Design is all around us, impacting the way we interact with our surroundings and each other. The Atlanta Design Festival wants to celebrate that union — taking a look at design and how the industry can aid economic growth.

Founded in 2007 by the design and marketing firm MA! Design Is Human, the festival is giving its 2021 edition the theme “Reconnecting the Community.”

From Oct. 2-10, visitors can hear from experts, participate in workshops and go on local tours. 

Among the many events: 

* Tours of Midtown’s Colony Square mixed-use remake and of Serenbe, the planned community in Chattahoochee Hills;

* Atlanta Department of City Planning hosting a “Placemaking and Vision Zero” bike tour and a presentation on its “Future Places Project” historic preservation program;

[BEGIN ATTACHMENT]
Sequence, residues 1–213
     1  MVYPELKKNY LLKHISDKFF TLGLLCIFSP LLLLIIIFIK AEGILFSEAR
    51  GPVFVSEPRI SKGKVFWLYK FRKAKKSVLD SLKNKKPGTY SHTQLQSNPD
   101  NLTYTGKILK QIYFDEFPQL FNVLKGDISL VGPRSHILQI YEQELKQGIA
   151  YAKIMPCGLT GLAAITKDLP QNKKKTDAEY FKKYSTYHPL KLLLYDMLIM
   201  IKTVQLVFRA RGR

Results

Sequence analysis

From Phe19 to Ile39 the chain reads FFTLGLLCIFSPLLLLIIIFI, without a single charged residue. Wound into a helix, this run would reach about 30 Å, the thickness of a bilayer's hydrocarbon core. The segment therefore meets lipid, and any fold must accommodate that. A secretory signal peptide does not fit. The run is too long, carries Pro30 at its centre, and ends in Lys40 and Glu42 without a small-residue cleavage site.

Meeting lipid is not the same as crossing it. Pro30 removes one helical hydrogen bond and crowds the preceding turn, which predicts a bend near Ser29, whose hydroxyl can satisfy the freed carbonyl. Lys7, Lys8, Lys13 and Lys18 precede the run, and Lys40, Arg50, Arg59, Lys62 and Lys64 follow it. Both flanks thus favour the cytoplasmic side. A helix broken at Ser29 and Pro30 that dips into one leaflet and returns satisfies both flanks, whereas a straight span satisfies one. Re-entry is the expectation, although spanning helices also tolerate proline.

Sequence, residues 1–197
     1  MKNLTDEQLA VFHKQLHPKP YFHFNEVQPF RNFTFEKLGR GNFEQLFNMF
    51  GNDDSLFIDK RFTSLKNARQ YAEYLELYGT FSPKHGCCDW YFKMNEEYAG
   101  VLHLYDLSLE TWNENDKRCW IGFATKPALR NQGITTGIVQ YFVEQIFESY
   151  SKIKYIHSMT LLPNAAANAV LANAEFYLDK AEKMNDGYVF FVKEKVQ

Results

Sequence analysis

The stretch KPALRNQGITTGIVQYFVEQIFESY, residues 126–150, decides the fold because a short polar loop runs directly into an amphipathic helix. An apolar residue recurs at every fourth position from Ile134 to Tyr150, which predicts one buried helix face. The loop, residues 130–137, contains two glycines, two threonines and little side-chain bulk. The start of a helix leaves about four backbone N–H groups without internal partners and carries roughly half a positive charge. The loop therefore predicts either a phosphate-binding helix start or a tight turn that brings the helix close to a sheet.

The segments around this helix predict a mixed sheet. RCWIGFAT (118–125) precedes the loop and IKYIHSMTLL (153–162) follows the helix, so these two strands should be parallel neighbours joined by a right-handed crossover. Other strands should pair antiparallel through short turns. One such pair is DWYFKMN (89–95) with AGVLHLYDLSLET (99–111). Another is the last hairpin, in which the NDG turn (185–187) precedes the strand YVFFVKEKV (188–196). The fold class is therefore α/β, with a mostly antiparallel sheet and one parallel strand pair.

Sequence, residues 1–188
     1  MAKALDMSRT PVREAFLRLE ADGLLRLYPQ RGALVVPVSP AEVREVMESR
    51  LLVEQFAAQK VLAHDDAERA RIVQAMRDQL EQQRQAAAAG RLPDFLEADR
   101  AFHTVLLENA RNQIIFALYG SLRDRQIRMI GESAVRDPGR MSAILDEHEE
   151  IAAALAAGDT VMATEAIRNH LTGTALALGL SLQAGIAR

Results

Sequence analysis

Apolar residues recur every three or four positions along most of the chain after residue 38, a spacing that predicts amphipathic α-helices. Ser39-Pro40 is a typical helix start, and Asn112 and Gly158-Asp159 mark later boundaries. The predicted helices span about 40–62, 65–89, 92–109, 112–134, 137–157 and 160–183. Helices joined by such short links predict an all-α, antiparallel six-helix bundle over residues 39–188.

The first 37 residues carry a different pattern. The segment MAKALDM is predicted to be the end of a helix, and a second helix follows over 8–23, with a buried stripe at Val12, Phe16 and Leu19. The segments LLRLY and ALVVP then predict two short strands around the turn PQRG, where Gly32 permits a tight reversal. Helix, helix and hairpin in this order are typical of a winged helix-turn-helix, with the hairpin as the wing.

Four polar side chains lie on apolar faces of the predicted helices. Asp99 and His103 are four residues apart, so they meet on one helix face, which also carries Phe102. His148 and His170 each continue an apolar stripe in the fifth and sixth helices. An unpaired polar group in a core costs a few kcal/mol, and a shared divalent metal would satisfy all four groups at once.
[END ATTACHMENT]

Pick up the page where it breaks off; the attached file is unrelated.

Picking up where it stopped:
* A discussion on the rise of the grocery delivery service Instacart during the COVID-19 pandemic;

* State Rep. Park Cannon (D-Atlanta) and the design director of the firm HOK discussing “Creating Equitable Communities”; 

* MARTA stations hosting an interactive art project called “Railtalk 2.”

Some events are virtual and some are in person. Some have a charge and some are free. Learn more about the Atlanta Design Festival here.

– John Ruch and Hannah E. Jones

Hannah E. Jones

Hannah Jones is an Atlanta native who recently graduated from Georgia State University, with a major in journalism and minor in public policy. She began studying journalism in high school and has since served as a reporter and editor for two newspapers. Hannah managed the Arts and Living section of The Signal, Georgia State’s independent award-winning newspaper. She has a passion for environmental issues, urban life and telling a good story. Hannah is excited about the opportunity to serve the City of Atlanta and its people. Hannah can be reached at [email protected]